executive branch brought to me and asked to surveil the political adversaries of the party in power. and that goes to questions about who authorized this in the executive branch, what did the president know about it, what did president obama know about it specifically. paul: kim, shouldn't james clapper, who we saw in that clip, deny that there was any fisa warrant, shouldn't he at least be asked to testify under oath to the house and senate intelligence committees. >> and what about james comey? i mean, what i'd like to know as an american citizen is what were the intelligence community and the fbi doing during this campaign? that's almost more worrisome to me now than some of the other things they're investigating, certainly whether paul manafort registered as a lobbyist. >> not only should they have to come and answer all those questions, but the senate judiciary had chuck grassley just sent a letter saying, hey, by the way, if you were wiretapping paul manafort even before he went to the trump campaign, did you warn the trump
campaign? did you not have a duty to inform that he was potentially entangled with russians? and if not, why not? >> the journal is saying that the surveillance of manafort may have been his e-mail and other electronic messages instead of the phone calls that cnn says, but either way i think it's the same questions. who wanted -- who sought these warrants and how far up in executive branch of the government did that go. paul: all right. still ahead, as the scale of the devastation caused by hurricane maria comes to light in puerto rico, a look at what's behind the recent spate of powerful storms to hit the caribbean and the u.s. so are climate change claims backed up by science? we'll ask a meteorologist next. ♪
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obliterated. puerto rico got hit with winds, they say they've never seen winds like this anywhere. got hit as a fife, category five storm which just literally never happens. so puerto rico is in very, very, very tough shape. paul: president trump this week commenting on the devastation still coming to light in puerto rico following a direct hit wednesday by hurricane maria. it was the latest in a series of deadly storms to batter the caribbean and the united states and from hollywood to capitol hill many are pointing to climate change as the main culprit for these storms. but does science back those claims up? let's ask ryan maui, a research meteorologist and adjunct scholar at the cato institute. so welcome, good to have you with us. three devastating storms in a row here, a lot of people are saying this is highly unusual. is it historically as you've looked back?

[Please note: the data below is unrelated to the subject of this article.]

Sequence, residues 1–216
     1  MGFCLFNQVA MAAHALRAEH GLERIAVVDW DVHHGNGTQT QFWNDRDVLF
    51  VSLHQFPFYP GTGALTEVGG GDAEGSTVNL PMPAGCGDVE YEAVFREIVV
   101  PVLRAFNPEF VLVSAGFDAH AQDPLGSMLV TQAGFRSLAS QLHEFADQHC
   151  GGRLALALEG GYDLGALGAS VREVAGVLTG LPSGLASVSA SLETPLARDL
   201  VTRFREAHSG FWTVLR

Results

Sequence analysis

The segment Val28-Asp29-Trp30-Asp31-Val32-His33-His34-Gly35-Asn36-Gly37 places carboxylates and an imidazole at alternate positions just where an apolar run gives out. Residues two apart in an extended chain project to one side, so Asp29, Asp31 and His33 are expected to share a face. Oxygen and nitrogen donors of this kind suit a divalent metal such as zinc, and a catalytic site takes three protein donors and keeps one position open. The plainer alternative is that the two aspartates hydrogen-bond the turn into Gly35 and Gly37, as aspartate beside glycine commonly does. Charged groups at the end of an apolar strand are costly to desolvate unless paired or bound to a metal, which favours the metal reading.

>> it's a pleasure to be here, paul. no, it's not necessarily unusual. at the beginning of the spring, seasonal forecasters from noaa expected 2017 to, indeed, be a very active hurricane season. and last year in 2016 it was relatively active with many storms and hurricanes. however, the major hurricanes that we saw with harvey, irma and maria in previous years we didn't see those hitting the united states' coastlines. paul: okay. >> we had been lucky. paul: so we've had those kinds of severe storms, they just didn't end up hitting the united states or areas that we pay a lot of attention to. but let's -- you've looked at the history of hurricane activity. are we seeing more severe storms now or more in general that we should be worried about? >> well, our historical records are somewhat uncertain prior to the advent of satellites in the
1970s. so based on the records that we do have, we have to rely on incomplete records, but what we do have we tend to see hurricane activity remaining relatively stable. we have ups and downs based on cycles, and in the recent years it's actually been 12 years since hurricane wilma, the last major hurricane, hit the united states. and while we had hurricane sandy in between, it's been almost 12 years since we've had a major hurricane strike on the united states coastline. and after hurricane katrina and rita and wilma in 2005, these same questions were being asked. the question was is climate change going to cause an uptick in activity. and our best researchers in the field sat down, started working with computer models, and after several years of very contentious debate behind chosed doors, at meteorology meetings